An essay written in the late 1920s about women's writing. Why wasn't Shakespeare a woman? Why did Jane Austen hide her manuscripts from guests? What makes good writing? What makes women's writing? Are a woman's sentences different from a man's sentences?

This book is witty, from the first moment when the author tries to cross the lawn of an Oxbridge college and is stopped by a beadle because only the fellows and scholars (all male) are allowed here. Later she notes wryly that the few women's colleges have no such beadle, and none of the endowments of the men's colleges.

What a woman needs in order to write is a room of one's own and five hundred pounds a year.

When she wrote, women had only had the vote in Britain for less than a decade, and married women had only been allowed to own their own property for a bare forty years. Women's education is no longer the issue it was when the book was written and it is much easier today for a woman to be independent. Still, A Room of One's Own remains an entertaining read and the issues it raises are by no means resolved.
Pameala
Rating is for copy, not Woolf's story. This is not a real book. This copy is retyped in small font with reduced line space and smashed together. Chapter after chapter appears right after another without even a line break, let alone a page break. Impossible to read for relaxation. Makes your eye hurt.
Gorisar
100 years later, she still inspires great insights into the common heritage of women. In eloquent, often poetic language, mrs Woolf makes us see the world through the eyes of Shakespeare's sister. She makes us see how women's toil has barred women from participating in the learned world. We shall not excuse ourselves for producing our offspring, but with modernity comes the responsibility to seize the opportunity to be educated, writing, productive citizens in more than one way. We shall not let ourselves be ignored or set aside, because our experiences are no less important than those of men. And our experience is the source of a different writing than that of men. Thank you for making me proud of my gender.
Ffan
I always forget how great Virginia Woolf's writing is. This is an essay noting the absence of women's writing voices throughout history and she makes note that women need a room of their own (which throughout history they have not had being forced to write in common rooms when they wrote) and independent means (which until very recent history women's income was claimed by their husband). Her point being that women need independence if they are to have an independent writing voice.
Shezokha
A Room of One’s Own is of course canonical and hardly needs another recommendation. The almost flippant tone with which Wolff skewers male artistic superiority with arguments while simultaneously refuting the same idea with a style itself ingenious etches in one’s soul the plight of women in the early twentieth century.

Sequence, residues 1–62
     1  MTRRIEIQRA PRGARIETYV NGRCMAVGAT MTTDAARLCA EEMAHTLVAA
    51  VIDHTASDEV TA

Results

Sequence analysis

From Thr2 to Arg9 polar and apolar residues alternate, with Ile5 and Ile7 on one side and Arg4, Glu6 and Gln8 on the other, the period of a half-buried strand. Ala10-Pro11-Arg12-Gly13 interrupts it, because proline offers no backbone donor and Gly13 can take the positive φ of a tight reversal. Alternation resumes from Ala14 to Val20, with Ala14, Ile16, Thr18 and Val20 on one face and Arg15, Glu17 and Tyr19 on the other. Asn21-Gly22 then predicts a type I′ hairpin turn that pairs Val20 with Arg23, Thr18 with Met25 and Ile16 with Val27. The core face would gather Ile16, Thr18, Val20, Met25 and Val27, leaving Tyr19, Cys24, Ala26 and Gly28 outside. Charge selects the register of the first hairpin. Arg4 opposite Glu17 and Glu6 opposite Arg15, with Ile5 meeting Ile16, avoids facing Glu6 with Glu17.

And, of course, the book is almost a victim of its own success. Few women in Western countries are now dissuaded from having an artistic career. The women’s movement has, so to speak, moved on to demands like equal pay.

So I’ll merely point out one perspective which may have been overlooked by some readers. That is, that Woolf’s cause is completely centered around the problems of first world women. Basically, Woolf argues that women do not have the access to the wealth or education that men have and, as a result, have not produced an artistic genius like Shakespeare. Fair enough. But how many women in the period following the First World War were concerned about having an outlet for their creativity? Were not women in many parts of the world so bereft of even their natural human rights so as not to over worry about outlets for creativity?

For all its indisputable genius, A Room of One’s Own then may arguably be charged with a mixed legacy. Yes, it highlighted the need for privileged women to be equals of men in their access to the fonts of creativity. But it also may have tended to direct feminism to a first world perspective leaving out the voices of billions of women who Woolf, for all her literary aplomb, does not seem overly concerned about, at least in this work.

Literary classic? Undoubtedly. Mixed effect on the direction of twentieth century feminism? A distinct possibility.
Whitehammer
One of the best books I read in 2016.

She should be one of the most humorous women in Britain at her time. It was supposed to be a speech. Putting a lot of discursive aside, her speech started with Women and Fiction and what she had experienced and what had inspired her about the topic she supposedly gave speech to Newham Girls College. Here main theme, "numerous generations of unsung unnoticed unjusted women paved the way for what women at her era could attain was remarkable, and the girls should fight and stand on their corpses' and souls' behalf", was so strong and so well versed.
TheJonnyTest
This is the first I have ever read of Virginia Woolf. I found it a fascinating read. I came away learning new things and realizing women have felt inferior for a very long time. I hadn't realized this book is one of the beginnings of the feminist movement.
This book is not only an enjoyable and fairly quick read, but it is also an important milestone in not only feminist literature, but literature as a whole. Woolf's amusing and sharp assessments of the way men view women to be inferior, particularly in skill and intellegence, is (at least somewhat) relevent even today. She rightfully stresses the importance of every woman having both a room and money of her own. Without those two things, she can not be truely independant. A must for any lover of feminism or for anyone with a taste for short, smart books.